To overcome the demerits of the existing system, the central government proposed the Model APMC act with new rules and guidelines. There were several significant changes to the earlier version. Farmers are now no longer forced to bring the entire produce to the mandi. They can sell it to whoever they want. Even in the mandi, there would be single-point registration. Processors, graders, packers, traders, etc. can now directly purchase from the farmer. Moreover, private market yards, co-operative markets, and farmer-consumer markets can also be formed with direct purchase centers thus ending the state monopoly. PPP (public-private partnership) is also allowed in the management of agricultural markets (think: cold storages, post-harvest handling, pre-cooling facilities, etc.). Farmers can also enter into contracts with the company (for example Dawaat basmati) with pre-defined prices and quality, input support and other commitments. The act also promoted grading and standardization of produce. The new act aims to bring transparency in the system and ensure fair and timely payments to the farmers.

If the new act is so amazing, what’s the problem now?

While the revised act is pretty amazing on paper, the problem is that most of the states have not adopted the Model APMC Act because the middlemen cartel is very powerful. Since agriculture is a state subject, the central government cannot enforce and the state governments have the power to modify the act and pick and choose the amendments. Even in the states that have regulated the APMC act and farmers can directly sell to private players, they’re still choosing to go to Mandis. Why? Because most produce is perishable in nature, it is imperative that sale happens quickly. APMCs have access to cold storage infrastructure. However there is a lack of basic private agricultural rural infrastructure that makes farm gate sourcing and storage very expensive hence more reliance on middlemen cartels.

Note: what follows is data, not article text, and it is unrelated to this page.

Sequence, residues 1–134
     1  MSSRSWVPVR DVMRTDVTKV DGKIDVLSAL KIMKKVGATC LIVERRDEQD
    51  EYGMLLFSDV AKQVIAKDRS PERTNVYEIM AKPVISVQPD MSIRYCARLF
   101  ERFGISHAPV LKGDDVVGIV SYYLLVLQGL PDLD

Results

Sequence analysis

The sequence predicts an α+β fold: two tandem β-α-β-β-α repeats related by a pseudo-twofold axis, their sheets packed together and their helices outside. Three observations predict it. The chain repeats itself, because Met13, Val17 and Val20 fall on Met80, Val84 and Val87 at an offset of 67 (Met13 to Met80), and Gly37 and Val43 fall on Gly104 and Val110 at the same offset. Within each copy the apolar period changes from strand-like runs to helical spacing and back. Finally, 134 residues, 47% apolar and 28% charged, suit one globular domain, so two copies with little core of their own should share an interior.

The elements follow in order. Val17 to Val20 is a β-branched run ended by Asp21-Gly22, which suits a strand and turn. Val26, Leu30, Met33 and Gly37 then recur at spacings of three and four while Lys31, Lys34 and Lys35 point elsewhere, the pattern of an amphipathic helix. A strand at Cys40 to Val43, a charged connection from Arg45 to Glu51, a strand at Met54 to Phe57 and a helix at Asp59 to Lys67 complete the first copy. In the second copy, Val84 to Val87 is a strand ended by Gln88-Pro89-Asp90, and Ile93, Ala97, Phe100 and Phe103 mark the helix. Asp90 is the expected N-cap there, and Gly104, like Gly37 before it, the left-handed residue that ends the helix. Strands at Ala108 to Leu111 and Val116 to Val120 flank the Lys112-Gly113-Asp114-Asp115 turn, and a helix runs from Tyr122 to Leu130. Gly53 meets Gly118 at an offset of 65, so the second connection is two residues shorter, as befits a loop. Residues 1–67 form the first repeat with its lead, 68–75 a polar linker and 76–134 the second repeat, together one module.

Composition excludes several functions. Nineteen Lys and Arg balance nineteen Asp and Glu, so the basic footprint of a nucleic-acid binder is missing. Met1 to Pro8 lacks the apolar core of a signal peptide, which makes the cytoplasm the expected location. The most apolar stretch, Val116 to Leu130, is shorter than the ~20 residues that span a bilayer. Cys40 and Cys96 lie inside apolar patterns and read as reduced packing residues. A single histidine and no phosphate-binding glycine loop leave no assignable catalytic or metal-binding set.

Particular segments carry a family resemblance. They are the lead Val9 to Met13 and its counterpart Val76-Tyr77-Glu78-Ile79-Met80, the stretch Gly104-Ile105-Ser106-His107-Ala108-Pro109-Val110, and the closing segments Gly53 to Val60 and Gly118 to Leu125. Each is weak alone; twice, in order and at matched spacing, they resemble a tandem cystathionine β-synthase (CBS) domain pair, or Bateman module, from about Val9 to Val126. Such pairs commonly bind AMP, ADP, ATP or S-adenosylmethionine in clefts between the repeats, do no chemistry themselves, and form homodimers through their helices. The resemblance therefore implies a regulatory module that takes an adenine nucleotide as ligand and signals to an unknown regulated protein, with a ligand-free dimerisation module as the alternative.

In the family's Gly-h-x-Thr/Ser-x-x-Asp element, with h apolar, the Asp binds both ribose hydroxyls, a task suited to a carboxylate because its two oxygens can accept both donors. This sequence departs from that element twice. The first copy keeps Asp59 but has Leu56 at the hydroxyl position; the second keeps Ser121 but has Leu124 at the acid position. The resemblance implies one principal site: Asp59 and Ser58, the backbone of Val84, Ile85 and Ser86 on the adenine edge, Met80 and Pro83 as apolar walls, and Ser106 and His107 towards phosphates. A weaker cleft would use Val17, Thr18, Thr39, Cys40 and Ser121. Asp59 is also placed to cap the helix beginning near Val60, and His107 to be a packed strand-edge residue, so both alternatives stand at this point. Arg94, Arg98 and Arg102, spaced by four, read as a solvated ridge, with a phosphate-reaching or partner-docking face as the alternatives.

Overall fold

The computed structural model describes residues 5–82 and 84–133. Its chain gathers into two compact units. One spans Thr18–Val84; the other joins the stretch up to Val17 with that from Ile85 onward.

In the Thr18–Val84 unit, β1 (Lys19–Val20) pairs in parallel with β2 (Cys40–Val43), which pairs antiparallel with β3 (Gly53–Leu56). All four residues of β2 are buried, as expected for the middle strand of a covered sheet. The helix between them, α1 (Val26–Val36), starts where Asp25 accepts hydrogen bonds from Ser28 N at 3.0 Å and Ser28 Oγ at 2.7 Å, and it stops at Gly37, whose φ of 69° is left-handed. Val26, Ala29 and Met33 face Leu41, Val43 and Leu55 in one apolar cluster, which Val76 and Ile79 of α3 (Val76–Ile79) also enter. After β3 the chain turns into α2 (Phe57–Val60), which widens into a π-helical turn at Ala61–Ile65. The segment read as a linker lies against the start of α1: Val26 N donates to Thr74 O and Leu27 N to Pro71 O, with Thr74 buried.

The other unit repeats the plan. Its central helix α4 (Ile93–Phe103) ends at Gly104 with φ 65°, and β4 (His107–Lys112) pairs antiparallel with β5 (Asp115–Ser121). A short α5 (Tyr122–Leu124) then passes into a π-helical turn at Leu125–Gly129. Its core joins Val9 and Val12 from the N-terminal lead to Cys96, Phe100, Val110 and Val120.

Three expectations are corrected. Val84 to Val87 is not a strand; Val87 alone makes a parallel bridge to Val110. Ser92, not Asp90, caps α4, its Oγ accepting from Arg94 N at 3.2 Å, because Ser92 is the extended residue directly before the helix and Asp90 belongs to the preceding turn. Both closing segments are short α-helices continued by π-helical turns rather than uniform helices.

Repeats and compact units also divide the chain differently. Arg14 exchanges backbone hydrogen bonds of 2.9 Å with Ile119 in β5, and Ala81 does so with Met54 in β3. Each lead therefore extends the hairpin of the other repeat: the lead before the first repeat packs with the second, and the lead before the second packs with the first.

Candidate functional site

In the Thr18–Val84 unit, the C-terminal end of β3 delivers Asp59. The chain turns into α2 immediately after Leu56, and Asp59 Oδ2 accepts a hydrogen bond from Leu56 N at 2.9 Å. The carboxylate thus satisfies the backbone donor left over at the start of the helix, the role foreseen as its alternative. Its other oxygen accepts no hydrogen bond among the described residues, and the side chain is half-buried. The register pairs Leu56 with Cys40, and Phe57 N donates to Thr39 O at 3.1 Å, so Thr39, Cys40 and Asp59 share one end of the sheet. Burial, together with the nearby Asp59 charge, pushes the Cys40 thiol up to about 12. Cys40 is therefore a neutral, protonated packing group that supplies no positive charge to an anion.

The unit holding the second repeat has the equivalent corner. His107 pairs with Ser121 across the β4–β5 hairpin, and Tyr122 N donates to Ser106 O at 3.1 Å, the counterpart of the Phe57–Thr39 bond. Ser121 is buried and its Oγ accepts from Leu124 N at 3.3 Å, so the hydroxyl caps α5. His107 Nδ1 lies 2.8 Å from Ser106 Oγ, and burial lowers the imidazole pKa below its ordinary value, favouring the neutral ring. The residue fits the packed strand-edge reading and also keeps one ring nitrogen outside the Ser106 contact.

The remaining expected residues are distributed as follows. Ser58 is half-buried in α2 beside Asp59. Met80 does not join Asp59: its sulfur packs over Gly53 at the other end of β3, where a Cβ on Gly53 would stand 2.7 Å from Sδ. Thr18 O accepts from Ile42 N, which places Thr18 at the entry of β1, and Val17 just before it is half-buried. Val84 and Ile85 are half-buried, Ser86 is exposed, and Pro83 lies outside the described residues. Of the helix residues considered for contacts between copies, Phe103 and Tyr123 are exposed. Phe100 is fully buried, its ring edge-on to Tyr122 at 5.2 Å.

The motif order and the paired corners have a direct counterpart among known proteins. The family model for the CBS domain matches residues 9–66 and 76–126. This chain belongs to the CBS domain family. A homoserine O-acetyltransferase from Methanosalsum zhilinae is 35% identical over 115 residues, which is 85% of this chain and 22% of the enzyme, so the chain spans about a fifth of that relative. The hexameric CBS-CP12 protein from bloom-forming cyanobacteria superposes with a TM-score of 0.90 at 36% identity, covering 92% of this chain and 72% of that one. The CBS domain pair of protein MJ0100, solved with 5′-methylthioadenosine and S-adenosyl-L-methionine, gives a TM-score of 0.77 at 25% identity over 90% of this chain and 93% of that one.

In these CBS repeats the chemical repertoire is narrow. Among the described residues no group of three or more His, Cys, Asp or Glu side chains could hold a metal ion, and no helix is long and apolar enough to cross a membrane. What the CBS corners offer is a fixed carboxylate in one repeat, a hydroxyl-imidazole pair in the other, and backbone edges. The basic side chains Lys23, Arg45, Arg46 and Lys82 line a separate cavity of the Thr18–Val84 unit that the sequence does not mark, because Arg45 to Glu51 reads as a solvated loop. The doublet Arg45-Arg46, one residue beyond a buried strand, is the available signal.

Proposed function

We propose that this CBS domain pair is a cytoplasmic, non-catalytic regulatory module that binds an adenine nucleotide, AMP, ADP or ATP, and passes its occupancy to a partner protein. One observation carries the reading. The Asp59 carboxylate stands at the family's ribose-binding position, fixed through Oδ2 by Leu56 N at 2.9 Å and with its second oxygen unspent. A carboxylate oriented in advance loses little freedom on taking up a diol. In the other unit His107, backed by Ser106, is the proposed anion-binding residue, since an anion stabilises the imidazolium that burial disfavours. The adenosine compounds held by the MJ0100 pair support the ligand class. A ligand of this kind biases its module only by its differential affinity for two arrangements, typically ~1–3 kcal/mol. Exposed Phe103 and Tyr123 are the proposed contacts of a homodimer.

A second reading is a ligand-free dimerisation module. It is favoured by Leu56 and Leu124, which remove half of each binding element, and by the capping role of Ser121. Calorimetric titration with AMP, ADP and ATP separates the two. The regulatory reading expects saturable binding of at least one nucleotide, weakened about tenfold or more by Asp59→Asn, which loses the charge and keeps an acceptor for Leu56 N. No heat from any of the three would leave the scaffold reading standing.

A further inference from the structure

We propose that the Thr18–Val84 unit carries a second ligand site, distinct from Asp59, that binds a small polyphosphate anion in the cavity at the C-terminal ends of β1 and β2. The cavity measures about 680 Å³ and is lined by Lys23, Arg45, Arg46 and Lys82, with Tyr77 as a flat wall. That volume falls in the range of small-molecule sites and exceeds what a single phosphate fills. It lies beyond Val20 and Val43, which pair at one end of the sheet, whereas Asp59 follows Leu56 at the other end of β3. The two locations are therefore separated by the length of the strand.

To combat this, Electronic National Agriculture Market (eNAM), a pan-India online virtual market was set up in 2016 to create a unified national market for agricultural commodities (It aims to be like amazon for agriculture). Through eNAM any person or state is ideally able to purchase from the farmer meaning more options for the farmers to sell to. However, there is then the issue of technical infrastructure, technical literacy, fast transportation in case of perishable items, ambiguity regarding the quality of the product. A very small portion of trade happens through eNAM and most farmers are still exploited through the APMCs.

Food for thought

So far we have tried state regulation of the agricultural markets, public-private partnerships, contract-farming amendment, and now digitalization. Yet the exploitation and corruption are not going away. While the intentions behind all the reforms have been good, the implementation has always proved to be difficult. India still doesn’t have a national market for food and it is easier for private players to import from other countries! I’d love to know your ideas and suggestions. Kindly write in the comment box.

Note: Farmers' livelihoods have been so ignorantly restricted ever since the beginning. Agriculture was not liberalized during the 1991 reforms. Recently the government has passed a new ordinance with the aim of increasing farmer freedom. I shall discuss it in future posts. 


  1. Very good analysis of steps taken by the center in improving the marketing of agricultural produce. You have rightly mentioned that center is taking myriad steps to liberate agriculturists from the clutches of Middletown. Basically I believe that the problem lies in the federal set up of the Indian government. States are leaving no stone unturned to prove central policy a failure. Illiteracy is a greater bane which are misused by the opposition ruled state governments.
    Young minds like you should suggest ways to address these problems to the policy makers. Good show. Keep it up.
    Prof Usha Venkatesan

  2. Middleman not Middletown. Overlook the auto typing error